Chapter 2

1 Maccabees 2


1) In those days Mattathias, son of John, son of Simeon, a priest of the family of Joarib, left Jerusalem and settled in Modein.

COMMENTARY:  Modein is his ancestral home, around twenty miles north of Jerusalem.



2) He had five sons: John, who was called Gaddi;

COMMENTARY:  Apparently all of these nicknames have significance, so I will try to track them down.  It can either mean “My Troop” or “Kid Goat.”  I think the former is probably the intention, consider the militant nature of this family.



3) Simon, who was called Thassi;

COMMENTARY:  Thassi most probably means “Guide” or “Director”.  You will notice that later he’s looked to for advice.



4) Judas, who was called Maccabeus;

COMMENTARY:  As we mentioned before, his nickname means “Hammer”.



5) Eleazar, who was called Avaran; and Jonathan, who was called Apphus.

COMMENTARY:  Avaran might mean “Piercer” and refer to an incident later where Eleazar stabs an elephant.  Apphus might mean “Dissembler”, but it might have begun with any of several unwritten consonants that would have changed the meaning—or so my sources say, not wanting to admit that a Biblical Hero might be known as Jonathan the Liar.  I wish this text had no greater problem than that!

This is probably a good point to mention that the Bible is full of highly fallible people, and the Deuterocanonical Books are no exception.  Just because somebody in the Bible does something doesn’t make it right.



6) When he saw the sacrileges that were being committed in Judah and in Jerusalem, 7) he said:


“Woe is me! Why was I born

to see the ruin of my people,

the ruin of the holy city—

To dwell there

as it was given into the hands of enemies,

the sanctuary into the hands of strangers?

8) Her temple has become like a man disgraced,

9) her glorious vessels carried off as spoils,

Her infants murdered in her streets,

her youths by the sword of the enemy.

10) What nation has not taken its share of her realm,

and laid its hand on her spoils?

11) All her adornment has been taken away.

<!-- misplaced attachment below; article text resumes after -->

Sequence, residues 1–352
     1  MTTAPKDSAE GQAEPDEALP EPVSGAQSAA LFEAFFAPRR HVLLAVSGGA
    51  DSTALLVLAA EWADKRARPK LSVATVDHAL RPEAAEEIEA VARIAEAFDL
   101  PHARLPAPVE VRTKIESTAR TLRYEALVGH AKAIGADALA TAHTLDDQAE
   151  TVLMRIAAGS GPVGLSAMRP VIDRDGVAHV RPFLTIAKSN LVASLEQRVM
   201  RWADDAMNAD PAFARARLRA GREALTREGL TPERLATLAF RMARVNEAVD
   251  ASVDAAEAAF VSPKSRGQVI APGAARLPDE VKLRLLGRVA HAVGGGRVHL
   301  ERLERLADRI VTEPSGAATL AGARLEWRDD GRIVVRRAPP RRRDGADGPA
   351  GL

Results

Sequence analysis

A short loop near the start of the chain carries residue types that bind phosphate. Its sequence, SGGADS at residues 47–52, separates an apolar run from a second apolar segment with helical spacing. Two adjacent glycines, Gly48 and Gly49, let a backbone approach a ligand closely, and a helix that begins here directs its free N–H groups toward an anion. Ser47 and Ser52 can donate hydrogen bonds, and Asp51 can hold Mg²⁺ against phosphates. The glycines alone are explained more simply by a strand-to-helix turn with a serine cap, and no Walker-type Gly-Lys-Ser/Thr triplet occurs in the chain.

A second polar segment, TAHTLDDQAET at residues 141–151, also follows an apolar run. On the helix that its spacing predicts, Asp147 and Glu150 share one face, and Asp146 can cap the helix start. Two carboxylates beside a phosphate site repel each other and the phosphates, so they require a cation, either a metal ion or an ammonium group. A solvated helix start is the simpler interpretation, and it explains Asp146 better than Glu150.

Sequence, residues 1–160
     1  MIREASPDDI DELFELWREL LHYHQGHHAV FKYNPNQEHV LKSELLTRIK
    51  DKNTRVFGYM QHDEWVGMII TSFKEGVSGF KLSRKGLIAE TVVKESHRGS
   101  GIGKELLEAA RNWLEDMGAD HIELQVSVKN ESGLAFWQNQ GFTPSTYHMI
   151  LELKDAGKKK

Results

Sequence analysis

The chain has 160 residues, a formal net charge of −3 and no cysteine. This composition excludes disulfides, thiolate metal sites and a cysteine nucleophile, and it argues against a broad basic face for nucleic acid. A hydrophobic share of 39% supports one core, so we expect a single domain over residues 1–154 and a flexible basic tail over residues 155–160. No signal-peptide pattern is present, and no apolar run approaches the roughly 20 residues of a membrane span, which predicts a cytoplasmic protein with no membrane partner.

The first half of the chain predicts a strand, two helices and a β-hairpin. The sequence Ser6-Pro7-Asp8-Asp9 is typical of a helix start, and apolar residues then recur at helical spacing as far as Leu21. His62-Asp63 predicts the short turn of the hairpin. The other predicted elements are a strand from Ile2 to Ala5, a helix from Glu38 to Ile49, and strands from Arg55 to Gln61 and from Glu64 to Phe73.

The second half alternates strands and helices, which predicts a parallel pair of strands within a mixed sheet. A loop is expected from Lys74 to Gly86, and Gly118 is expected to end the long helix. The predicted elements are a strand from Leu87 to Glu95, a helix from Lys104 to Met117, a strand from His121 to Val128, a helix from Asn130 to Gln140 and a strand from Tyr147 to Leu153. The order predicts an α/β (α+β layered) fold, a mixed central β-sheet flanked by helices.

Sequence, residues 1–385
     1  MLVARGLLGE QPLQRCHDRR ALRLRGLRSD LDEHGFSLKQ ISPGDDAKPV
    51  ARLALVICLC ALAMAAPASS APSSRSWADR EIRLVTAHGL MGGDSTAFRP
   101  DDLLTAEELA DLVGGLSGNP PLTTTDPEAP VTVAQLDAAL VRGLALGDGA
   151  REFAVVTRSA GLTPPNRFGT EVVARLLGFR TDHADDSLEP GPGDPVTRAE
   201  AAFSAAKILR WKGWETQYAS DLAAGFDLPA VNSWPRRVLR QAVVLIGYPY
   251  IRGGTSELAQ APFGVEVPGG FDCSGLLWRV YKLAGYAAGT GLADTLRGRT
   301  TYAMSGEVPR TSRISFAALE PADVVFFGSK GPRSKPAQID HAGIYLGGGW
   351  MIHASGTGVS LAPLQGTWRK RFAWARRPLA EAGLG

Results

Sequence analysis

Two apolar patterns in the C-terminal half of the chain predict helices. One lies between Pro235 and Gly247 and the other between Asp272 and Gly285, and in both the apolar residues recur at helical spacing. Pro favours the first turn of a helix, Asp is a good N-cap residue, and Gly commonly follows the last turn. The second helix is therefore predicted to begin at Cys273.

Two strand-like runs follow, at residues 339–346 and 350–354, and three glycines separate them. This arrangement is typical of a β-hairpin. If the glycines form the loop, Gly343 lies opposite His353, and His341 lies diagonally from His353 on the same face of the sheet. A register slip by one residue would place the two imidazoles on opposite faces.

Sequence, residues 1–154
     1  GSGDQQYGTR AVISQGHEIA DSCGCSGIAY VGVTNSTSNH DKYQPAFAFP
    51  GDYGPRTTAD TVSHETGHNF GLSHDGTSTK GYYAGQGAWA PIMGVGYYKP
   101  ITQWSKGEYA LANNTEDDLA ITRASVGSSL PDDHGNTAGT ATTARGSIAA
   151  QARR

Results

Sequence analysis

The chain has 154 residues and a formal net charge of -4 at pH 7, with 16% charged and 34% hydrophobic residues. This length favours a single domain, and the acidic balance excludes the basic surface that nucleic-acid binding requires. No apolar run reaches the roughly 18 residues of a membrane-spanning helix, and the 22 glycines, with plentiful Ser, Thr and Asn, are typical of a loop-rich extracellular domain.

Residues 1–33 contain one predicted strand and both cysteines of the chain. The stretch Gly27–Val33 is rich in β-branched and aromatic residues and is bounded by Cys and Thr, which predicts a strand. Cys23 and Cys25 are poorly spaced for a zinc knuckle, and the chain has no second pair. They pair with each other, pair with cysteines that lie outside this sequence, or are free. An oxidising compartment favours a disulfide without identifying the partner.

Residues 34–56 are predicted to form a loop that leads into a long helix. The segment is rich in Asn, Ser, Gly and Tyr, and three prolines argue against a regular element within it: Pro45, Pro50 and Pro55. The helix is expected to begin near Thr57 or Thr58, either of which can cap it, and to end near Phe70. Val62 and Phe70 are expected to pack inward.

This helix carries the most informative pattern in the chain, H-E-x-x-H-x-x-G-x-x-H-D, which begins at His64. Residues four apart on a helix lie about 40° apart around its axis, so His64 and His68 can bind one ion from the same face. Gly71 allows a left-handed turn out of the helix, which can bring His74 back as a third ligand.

Once free, she has become a slave.

12) We see our sanctuary laid waste,

our beauty, our glory.

The Gentiles have defiled them!

13) Why are we still alive?”


COMMENTARY:  More classic Jewish-style poetry translated into the Greek, a lyrical lament summing up the grief from the last chapter.  I feel for that last line—sometimes such terrible things happen that you wonder why the shock didn’t kill you.  How is it that you can go about your daily business as though nothing had happened?  Why didn’t your heart just stop?



14) Then Mattathias and his sons tore their garments, put on sackcloth, and mourned bitterly.


COMMENTARY:  Garment-tearing is a standard part of the Jewish mourning ritual.  Some prudently aim for seams so that the garment can easily be sewn back again.  Others go at it with abandon, and hang the cost; grief matters more than a shirt.  In this case Mattathias mourns for all of the slaughtered.


Sackcloth, as we mentioned before, signifies penitence, in this case for the sins that brought Jerusalem to this pass.  Once you’ve finished wrecking your clothing, you need to put something on in its place, of course, but nobody’s in the mood for fine garments, and anyway, why not kill two birds with one stone and mix mourning with penance?



15) The officers of the king in charge of enforcing the apostasy came to the city of Modein to make them sacrifice.